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Weekend Box Office: Mockingjay Tops Penguins, Horrible Bosses 2 is a Turkey

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By Chris Kavan - 11/30/14 at 08:29 PM CT

The long Thanksgiving holiday weekend meant that families had plenty of time to spend quality time together - and maybe catch a movie (either together, or to get away for awhile). Mockingjay cast its spell for a second straight weekend, as the newcomer proved to be a bit of a disappointment. While Catching Fire and Frozen helped the 2013 skyrocket - this year the overall total was off 20%. While the wide releases continued to be problematic, the same can't be said for the awards season hopefuls as one expansion and one debut led to some impressive totals.


Once again the YA franchise topped the box office with a $56.87 million total. It dropped the exact same amount Catching Fire did in its second weekend (53%) and raised its total up to $225.7 million. While its still a far cry from Catching Fire, if it stays on the same path, it will wind up with around $325 million - second only to Guardians of the Galaxy for the year, though many might see that as a loss rather than a strong second-place showing. It has at least one more week to flex its muscles before mid-December brings on a slew of big-budget titles to compete for the top spot.


While Penguins of Madagascar ran second to Mockingjay, the result wasn't nearly as close as expected. The Madagascar spinoff brought in $25.8 million ($36 million for the holiday time frame). That result is well below the previous two Madagascar films, both of which opened to $60 million plus over a standard three-day weekend. In fact, the best (and unfortunate) comparison would be the to Rise of the Guardians - considered a flop on its own - which opened to $32.3 million also over Thanksgiving - Penguins posted a modest 11% gain over that film - though that's not a lot to cheer about. Dreamworks has had a rough time of late - it's last six films have opened below $33 million and none have grossed more than $115 million. Penguins did earn an "A-" Cinemascore - the audience was just pretty much evenly split between male and female while 58% was under 25. 3D screens accounted for just 24% of the total. Even if word-of-mouth is good - and even if competition for family films is scarce, there is a good chance Penguins winds up with less than $100 million.


Though Penguins provided direct competition to Disney's animated superhero film, Big Hero 6 stood quite strong, dipping just under 7% from last week. Taking in $18.77 million, the film stands at $167.2 million after four weeks. Again, with Penguins faltering and no real competition in site, Big Hero 6 should have no trouble crossing $200 million before it finally leaves theaters.


Interstellar may have dropped a spot from last weekend, but thanks to its dominance in IMAX theaters, the film actually gained 3% compared to last weekend - earning $15.8 million on its way to a new total of $147.1 million. It will cross the $150 million mark in the new few days and should top out at around the $170 million mark.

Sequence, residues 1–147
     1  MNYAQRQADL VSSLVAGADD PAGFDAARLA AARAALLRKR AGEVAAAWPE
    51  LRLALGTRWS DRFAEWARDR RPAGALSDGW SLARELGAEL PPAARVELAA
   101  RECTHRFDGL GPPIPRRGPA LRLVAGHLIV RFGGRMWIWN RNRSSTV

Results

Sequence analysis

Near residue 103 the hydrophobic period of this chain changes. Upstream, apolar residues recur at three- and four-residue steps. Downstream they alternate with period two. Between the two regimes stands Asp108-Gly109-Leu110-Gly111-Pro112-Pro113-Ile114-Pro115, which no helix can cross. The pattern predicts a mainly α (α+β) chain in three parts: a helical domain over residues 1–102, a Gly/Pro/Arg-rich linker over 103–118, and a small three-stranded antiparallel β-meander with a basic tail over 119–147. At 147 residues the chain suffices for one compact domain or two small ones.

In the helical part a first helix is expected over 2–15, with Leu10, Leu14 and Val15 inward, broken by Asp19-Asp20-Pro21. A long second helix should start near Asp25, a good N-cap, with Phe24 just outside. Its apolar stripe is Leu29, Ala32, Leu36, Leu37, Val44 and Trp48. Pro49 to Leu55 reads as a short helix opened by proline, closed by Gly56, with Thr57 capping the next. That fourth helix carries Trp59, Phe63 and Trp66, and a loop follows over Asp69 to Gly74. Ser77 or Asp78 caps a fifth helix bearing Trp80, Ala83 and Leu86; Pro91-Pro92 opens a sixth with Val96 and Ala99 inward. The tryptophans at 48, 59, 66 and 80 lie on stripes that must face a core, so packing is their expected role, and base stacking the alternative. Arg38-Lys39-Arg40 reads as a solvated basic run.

Poster for Horrible Bosses 2 While Penguins certainly struggled over the weekend, Horrible Bosses 2 outright laid an egg. The film brought in $15.7 million for the weekend and just $23 million over the Thanksgiving period. That represents a pretty massive 45% drop over the original film's $28.3 (over just three days). It was well below the five-day opening of Anchorman 2 ($39.5 million) - a sequel that itself was considered far inferior to the original. With just a so-so "B+" Cinemascore and considering holiday weekend tend to be front-loaded, Horrible Bosses 2 will be lucky to make it to $50 million. Why the sudden drop? Sequels by and far tend to open lower than the predecessors - unless you have a really popular title (the Harry Potter, Marvel, Star Wars, Hunger Games) or are incredibly well-liked (21 Jump Street to 22 Jump Street) banking on a sequels is always a gamble. There just wasn't enough good will, nor enough popularity, to propel Horrible Bosses 2 to anywhere other than mediocrity.

Outside the top five: Award-season lock The Theory of Everything, with Eddie Redmayne giving his all for the Stephen Hawking biopic, added a nice 662 theaters to its count (now in 802 total) and jumped over 236% - from 10th to 7th place - with $5.08 million. The film now stands at $9.6 million. In comparison, Birdman only took in $2.5 million in its nationwide expansion earlier in the year. Thus far, Theory is even tracking ahead of Dallas Buyers Club - we'll see if that means the film will have as good of luck during awards season.

Meanwhile, the limited debut of The Imitation Game earned $482,000 in just four theaters for a per-theater-average of $120,500 - the second best of the year behind Grand Budapest Hotel and the 7th-best limited opening ever for a live-action film. That even topped the The King's Speech, which averaged $88,863 in its original outing. Granted, Imitation Game may not be able to match that film's long-term success, but it does mean it has a better-than-average chance to catch on with general audiences. It will surely expand - we'll see where the advantage lies then.

Next week is going to be quiet, with just the horror film The Pyramid and the Reese Witherspoon-led Wild opening. Mockingjay should once again lead the pack without much effort.


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